Josh 14:6 Now the men of Judah approached Joshua at Gilgal, and Caleb son of Jephunneh the Kenizzite said to him…
Ok, so hopefully you’re getting the picture! The next important point to see is that throughout the book of Joshua, Gilgal is not simply the place where they first camped, but it is the place that they constantly returned to and used as the base for all their operations. Thus, we read that after the great victory against the Amorite coalition, Joshua returned with all Israel to the camp at Gilgal (Josh 10). What a great picture this is for us! We have seen that Gilgal speaks to us of our death and resurrection with Jesus, and as such, it should be the place that we not only start from, but the place that we return to! Each victory should start from that place of dependence. Have you learned to have Gilgal as the basis of your life? Many learn that they do not have what it takes and start from this place, yet they don’t always return here. It is a humbling thing to learn that no matter how long you have been a Christian, you still do not have the strength within you to start from any other place. This is where God wants you and this is the legacy of Joshua. It is the legacy of a man who walked by faith and dependence upon the living God, and one whose victories stemmed from the significance of having his base at Gilgal.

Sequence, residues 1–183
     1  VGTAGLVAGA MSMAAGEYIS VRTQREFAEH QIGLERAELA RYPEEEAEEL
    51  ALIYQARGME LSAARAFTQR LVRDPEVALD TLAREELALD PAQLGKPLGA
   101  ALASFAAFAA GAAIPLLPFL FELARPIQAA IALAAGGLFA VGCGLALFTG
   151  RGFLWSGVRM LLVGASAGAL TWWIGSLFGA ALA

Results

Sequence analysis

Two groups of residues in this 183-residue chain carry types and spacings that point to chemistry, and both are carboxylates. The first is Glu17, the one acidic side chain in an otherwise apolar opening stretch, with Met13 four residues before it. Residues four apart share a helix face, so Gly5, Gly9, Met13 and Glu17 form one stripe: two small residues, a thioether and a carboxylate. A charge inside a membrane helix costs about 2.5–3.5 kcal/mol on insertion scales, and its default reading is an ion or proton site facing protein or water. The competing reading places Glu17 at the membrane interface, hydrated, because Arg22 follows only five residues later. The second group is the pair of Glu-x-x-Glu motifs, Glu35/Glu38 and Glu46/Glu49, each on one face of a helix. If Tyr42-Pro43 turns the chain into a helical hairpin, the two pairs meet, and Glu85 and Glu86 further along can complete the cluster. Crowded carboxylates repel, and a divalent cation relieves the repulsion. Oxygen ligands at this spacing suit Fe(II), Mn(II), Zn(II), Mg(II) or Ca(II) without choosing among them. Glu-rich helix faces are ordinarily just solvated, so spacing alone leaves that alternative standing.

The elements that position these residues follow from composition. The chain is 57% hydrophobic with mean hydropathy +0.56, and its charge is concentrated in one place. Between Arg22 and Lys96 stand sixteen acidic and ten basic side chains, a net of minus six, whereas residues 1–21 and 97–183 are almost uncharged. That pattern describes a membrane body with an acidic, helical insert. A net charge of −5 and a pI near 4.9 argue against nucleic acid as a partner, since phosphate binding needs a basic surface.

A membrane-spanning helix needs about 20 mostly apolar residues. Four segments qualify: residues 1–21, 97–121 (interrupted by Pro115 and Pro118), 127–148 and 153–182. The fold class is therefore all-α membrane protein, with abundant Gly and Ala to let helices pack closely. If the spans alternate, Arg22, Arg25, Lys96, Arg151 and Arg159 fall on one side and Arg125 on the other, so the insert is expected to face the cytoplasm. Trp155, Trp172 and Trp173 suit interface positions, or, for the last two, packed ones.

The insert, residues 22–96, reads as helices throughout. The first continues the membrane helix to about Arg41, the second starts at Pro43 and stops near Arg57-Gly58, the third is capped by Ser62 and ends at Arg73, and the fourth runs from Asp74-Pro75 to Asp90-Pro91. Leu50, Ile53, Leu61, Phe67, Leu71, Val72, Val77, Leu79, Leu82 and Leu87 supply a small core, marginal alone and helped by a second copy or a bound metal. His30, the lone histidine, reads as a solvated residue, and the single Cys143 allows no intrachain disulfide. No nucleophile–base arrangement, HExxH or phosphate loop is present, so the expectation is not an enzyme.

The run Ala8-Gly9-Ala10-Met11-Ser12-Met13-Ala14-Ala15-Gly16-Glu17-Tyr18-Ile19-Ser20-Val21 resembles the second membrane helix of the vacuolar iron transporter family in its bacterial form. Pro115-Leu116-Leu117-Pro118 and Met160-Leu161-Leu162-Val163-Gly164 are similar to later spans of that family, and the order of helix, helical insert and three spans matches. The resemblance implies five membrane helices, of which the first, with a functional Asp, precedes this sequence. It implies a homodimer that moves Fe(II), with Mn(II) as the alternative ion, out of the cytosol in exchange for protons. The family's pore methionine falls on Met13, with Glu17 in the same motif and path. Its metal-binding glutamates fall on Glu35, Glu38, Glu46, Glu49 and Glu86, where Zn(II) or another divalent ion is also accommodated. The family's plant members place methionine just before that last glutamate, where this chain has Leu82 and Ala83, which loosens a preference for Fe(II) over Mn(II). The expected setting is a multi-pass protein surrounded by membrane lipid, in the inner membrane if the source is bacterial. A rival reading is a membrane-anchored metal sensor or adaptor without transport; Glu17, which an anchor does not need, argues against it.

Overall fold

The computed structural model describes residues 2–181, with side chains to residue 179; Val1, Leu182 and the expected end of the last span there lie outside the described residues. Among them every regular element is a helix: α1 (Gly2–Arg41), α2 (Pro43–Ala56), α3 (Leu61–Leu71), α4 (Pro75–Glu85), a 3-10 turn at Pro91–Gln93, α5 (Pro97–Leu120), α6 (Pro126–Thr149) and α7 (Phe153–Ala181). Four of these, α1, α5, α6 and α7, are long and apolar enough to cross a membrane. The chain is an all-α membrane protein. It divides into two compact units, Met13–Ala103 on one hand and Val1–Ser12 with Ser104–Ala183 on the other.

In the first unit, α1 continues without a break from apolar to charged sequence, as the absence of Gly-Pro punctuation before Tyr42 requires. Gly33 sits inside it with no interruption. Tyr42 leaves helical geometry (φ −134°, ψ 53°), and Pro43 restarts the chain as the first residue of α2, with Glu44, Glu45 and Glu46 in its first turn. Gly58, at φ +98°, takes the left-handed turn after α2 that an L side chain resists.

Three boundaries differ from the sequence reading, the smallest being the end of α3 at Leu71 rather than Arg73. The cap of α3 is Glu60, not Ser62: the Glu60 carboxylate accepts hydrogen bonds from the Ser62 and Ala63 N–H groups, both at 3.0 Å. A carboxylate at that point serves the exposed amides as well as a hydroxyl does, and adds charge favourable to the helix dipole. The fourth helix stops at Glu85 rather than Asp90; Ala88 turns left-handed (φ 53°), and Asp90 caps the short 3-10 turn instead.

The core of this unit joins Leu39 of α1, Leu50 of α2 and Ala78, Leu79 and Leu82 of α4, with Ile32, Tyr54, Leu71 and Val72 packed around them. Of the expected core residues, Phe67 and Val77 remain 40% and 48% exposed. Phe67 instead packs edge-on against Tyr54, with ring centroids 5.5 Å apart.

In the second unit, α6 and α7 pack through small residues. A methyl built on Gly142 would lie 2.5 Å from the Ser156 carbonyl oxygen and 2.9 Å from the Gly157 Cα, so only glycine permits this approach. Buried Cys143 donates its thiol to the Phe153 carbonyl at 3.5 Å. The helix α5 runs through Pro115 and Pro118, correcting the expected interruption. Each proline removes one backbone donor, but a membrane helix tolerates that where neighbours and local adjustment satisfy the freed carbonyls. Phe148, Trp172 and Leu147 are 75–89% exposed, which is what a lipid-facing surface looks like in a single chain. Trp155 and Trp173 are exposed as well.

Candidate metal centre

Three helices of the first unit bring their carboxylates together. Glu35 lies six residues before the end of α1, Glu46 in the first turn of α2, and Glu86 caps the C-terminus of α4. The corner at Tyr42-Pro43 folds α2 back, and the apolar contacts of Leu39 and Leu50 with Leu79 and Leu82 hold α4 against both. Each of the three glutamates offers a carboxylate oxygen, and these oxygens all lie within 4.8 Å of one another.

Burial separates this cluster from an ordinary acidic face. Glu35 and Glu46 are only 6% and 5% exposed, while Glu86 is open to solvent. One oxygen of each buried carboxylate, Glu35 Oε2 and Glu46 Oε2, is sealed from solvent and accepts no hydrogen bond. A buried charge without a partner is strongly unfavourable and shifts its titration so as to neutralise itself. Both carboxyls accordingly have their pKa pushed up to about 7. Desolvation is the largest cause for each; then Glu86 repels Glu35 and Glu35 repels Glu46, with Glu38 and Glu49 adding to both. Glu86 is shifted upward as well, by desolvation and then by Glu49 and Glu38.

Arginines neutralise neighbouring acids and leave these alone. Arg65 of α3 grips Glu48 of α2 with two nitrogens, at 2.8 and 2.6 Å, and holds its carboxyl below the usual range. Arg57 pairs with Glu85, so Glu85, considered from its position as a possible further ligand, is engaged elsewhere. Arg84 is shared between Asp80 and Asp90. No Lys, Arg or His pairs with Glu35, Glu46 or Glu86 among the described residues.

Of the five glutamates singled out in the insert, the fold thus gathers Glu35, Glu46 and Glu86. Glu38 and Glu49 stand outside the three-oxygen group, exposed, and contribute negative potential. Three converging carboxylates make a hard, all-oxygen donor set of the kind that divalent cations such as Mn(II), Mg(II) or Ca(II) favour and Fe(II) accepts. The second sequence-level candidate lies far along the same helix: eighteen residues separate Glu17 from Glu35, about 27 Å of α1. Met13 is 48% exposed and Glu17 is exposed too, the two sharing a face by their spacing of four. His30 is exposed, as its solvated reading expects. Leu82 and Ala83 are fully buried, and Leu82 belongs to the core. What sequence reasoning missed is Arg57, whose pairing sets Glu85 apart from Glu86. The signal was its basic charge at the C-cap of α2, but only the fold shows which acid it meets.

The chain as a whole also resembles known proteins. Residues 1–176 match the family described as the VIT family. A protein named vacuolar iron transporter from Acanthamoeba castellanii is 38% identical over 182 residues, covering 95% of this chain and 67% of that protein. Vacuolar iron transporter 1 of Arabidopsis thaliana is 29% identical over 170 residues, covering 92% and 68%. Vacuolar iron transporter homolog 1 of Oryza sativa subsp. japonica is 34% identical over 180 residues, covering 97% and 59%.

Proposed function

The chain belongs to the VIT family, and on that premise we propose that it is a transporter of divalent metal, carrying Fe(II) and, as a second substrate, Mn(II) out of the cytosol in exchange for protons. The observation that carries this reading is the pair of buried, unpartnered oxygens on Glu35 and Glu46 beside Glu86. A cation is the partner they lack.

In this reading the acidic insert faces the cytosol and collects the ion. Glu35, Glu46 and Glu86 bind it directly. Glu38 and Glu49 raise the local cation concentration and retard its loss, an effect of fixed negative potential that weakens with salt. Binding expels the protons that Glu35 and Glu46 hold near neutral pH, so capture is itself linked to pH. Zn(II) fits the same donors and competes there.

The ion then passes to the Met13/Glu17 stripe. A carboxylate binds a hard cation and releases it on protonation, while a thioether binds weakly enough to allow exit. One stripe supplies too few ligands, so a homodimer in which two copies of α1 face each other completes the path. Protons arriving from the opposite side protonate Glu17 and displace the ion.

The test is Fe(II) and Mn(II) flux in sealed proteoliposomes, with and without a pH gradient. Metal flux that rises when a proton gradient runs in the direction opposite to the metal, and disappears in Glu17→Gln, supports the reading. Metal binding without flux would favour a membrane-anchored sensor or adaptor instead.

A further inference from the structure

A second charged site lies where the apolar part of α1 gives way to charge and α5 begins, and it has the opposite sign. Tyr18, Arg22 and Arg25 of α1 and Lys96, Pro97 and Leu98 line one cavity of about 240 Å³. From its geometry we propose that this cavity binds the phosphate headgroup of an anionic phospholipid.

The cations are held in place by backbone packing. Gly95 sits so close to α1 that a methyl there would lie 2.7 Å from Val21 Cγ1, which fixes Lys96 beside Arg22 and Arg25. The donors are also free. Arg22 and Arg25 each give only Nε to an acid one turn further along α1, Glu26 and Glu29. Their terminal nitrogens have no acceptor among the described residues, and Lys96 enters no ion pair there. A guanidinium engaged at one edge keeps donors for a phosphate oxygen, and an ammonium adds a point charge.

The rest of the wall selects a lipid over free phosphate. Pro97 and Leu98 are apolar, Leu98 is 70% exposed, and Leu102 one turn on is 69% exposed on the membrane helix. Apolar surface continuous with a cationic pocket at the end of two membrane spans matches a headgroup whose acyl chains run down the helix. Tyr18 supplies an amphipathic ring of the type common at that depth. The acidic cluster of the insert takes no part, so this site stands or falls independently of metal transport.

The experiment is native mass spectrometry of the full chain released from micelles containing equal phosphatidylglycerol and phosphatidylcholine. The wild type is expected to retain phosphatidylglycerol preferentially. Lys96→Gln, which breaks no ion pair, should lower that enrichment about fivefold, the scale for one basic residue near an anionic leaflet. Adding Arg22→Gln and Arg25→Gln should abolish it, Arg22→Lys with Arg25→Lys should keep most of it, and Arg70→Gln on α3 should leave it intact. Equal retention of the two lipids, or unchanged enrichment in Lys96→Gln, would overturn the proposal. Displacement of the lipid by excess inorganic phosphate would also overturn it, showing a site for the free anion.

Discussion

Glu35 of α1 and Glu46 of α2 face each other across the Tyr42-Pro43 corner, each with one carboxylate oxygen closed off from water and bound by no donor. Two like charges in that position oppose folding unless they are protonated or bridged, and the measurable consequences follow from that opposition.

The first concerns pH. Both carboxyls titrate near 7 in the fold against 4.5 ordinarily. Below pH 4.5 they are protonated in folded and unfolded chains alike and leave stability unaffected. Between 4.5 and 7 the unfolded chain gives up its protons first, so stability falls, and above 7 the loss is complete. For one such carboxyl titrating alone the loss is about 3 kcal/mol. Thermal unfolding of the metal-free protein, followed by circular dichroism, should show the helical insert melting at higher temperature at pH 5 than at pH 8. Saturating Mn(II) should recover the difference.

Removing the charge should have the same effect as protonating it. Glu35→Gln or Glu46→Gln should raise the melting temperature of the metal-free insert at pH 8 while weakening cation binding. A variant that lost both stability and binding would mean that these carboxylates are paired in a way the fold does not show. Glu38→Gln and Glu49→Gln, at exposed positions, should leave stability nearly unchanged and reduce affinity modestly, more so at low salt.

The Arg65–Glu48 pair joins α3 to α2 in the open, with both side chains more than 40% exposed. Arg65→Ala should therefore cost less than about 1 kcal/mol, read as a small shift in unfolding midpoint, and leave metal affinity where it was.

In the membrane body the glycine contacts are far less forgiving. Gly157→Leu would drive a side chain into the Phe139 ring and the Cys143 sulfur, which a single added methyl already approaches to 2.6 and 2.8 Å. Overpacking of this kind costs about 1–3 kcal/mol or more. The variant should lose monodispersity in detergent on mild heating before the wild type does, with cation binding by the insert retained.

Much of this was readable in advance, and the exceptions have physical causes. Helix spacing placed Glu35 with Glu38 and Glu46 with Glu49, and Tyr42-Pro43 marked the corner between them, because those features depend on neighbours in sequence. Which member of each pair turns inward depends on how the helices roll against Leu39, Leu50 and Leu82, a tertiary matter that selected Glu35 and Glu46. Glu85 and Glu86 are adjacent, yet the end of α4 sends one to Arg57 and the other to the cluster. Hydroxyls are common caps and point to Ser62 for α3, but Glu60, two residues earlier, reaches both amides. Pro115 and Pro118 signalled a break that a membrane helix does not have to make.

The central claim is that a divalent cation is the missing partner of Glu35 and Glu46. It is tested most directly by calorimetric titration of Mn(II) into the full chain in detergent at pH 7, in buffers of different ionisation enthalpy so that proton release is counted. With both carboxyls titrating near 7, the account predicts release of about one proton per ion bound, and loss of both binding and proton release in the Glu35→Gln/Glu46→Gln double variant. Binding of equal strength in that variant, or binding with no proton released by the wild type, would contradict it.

So what is your current situation? Do you currently have the benefit of dwelling at Gilgal or, like Israel in the book of Judges, have you moved to Bochim ‘the place of weeping’. Bochim is the place that you end up when you have forgotten to take God into account! It is the place where your eyes are focused on yourself and your situation from an earthly point of view. And that will always be the place of weeping!  But when you dwell at Gilgal the peace of God will fill your heart and mind because you consider yourself alive to God, His very own possession, and little else matters! The creator and sustainer of the universe is also your Father, and He will do what is right! You don’t need to know all the details or constantly question what He is doing, for you know that He his good, and that in love He will work all things for your good. This is Gilgal, the legacy of Joshua, and it is a place of rest.